I made chocolate cookies a few days ago. When I say “I made,” I mean I opened the package of refrigerated dough and followed the directions. I have made chocolate chip cookies from scratch before, and done a pretty good job if I do say so myself. But why bother? The refrigerated dough turns out almost as good, and take a whole lot less time. And less dish washing, too.

Along with the fun of eating them (since I’m the major cookie consumer in our household), I gained something of an insight for speaking and writing. (Does that make the cookies tax deductible?) Since they were “home made,” I put them into a Ziploc bag after they cooled, and when I ate the last one few hours later, I noticed a lot of crumbs in the bottom.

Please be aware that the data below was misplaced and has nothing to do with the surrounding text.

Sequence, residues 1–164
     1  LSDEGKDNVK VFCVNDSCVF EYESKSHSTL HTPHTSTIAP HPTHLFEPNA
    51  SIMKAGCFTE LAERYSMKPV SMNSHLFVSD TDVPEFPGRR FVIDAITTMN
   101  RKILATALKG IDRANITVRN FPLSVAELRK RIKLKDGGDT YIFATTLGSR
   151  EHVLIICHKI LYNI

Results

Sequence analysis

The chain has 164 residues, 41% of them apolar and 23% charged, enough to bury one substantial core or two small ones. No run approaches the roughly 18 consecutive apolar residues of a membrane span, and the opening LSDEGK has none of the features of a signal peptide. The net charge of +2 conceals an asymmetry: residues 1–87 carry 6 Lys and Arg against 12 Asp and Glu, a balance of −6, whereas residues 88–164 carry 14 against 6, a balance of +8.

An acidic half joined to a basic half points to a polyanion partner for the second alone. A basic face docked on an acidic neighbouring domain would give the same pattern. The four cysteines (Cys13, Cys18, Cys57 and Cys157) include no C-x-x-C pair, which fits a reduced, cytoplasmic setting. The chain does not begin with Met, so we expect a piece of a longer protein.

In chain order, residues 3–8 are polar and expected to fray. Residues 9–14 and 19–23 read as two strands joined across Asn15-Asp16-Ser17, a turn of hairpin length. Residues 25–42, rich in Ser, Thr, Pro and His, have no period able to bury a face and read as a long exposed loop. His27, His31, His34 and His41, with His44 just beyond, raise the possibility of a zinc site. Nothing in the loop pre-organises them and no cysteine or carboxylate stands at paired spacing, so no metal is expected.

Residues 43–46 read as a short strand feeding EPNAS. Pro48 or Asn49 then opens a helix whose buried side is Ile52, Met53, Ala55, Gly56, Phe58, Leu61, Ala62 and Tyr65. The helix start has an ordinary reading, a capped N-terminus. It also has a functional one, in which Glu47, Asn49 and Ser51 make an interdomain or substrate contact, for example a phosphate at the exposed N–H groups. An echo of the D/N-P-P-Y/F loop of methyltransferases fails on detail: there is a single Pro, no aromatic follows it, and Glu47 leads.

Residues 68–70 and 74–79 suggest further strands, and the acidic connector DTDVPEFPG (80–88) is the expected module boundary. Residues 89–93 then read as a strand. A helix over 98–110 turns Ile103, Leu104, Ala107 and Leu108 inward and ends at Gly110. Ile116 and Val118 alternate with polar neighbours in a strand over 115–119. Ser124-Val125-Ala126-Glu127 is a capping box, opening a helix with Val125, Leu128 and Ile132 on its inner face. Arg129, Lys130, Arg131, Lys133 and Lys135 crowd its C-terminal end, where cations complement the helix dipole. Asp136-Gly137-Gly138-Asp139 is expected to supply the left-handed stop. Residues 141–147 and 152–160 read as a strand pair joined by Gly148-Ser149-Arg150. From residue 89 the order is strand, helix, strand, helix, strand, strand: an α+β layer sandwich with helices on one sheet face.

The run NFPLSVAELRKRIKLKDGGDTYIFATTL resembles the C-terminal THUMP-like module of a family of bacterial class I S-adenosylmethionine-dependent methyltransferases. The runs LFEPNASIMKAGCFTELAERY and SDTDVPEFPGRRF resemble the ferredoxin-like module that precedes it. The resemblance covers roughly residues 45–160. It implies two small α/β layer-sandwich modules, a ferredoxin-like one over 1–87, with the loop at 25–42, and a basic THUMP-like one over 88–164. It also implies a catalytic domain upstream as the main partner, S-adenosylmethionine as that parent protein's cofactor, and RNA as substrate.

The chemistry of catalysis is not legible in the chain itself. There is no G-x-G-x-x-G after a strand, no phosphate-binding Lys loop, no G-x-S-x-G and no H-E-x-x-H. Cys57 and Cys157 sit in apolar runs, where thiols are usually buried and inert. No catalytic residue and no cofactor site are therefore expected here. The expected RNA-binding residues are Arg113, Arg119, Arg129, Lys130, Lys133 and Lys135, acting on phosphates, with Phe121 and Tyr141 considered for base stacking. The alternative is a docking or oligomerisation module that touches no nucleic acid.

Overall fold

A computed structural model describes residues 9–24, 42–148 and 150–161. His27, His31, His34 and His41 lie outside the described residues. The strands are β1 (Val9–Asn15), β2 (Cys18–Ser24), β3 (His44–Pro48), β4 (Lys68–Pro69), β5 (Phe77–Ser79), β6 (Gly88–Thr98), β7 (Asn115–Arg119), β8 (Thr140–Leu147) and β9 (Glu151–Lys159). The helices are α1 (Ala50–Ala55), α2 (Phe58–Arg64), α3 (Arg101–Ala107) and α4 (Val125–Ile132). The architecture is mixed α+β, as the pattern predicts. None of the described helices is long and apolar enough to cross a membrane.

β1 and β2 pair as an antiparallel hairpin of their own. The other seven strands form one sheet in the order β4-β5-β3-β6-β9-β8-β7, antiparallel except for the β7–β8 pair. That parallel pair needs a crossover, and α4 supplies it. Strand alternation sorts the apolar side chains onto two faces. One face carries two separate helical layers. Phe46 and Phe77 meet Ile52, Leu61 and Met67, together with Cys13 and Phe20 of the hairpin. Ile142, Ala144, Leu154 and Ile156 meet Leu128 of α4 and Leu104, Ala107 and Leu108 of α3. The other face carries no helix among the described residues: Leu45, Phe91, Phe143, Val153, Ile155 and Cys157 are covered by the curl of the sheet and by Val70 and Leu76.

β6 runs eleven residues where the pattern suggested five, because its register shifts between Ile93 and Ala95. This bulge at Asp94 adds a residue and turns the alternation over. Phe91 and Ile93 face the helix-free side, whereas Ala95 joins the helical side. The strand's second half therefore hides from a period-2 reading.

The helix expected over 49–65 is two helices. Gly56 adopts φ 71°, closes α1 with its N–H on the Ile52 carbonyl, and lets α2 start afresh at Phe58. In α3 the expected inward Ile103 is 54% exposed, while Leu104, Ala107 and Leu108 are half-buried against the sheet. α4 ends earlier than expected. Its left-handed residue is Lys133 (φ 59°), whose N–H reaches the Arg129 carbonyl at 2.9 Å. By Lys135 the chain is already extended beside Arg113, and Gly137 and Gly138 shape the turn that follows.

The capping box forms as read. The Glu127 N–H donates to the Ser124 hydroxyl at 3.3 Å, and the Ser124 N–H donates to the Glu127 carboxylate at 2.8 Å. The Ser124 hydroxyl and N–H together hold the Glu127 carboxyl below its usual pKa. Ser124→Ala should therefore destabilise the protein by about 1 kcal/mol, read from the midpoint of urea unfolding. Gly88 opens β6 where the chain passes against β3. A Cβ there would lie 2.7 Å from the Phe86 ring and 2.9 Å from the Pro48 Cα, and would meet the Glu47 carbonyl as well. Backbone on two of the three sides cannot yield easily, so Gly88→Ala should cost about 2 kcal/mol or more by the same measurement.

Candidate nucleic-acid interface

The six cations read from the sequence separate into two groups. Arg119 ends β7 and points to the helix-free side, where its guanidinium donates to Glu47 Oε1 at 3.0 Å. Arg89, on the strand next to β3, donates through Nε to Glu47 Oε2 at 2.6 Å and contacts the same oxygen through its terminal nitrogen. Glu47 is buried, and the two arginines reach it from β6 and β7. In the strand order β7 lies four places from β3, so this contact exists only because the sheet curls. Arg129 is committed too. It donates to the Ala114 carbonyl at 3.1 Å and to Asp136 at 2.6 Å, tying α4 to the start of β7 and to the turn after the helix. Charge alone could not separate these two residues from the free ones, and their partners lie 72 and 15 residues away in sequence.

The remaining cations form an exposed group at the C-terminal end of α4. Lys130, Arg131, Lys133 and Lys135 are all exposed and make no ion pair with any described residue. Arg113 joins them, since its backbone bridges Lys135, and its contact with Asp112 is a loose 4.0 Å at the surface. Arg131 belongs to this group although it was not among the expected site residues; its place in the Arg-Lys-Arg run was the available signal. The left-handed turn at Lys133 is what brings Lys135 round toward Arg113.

In fact, there were enough there to make up two entire cookies after I dumped them out into my hand. One does not simply waste cookies.

Continue reading “Gathering the crumbs”

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You may find you like it!

Chimp with a mic.

I’m in the middle of a regular gig I love: training leaders for my college’s New Student Orientation leaders. We’ve already had our first event of the season, and we haven’t completed all of the training yet. Part of that training involves using a microphone effectively. Because of the timing of events in relation to training, we still have several leaders who have yet to have the microphone training.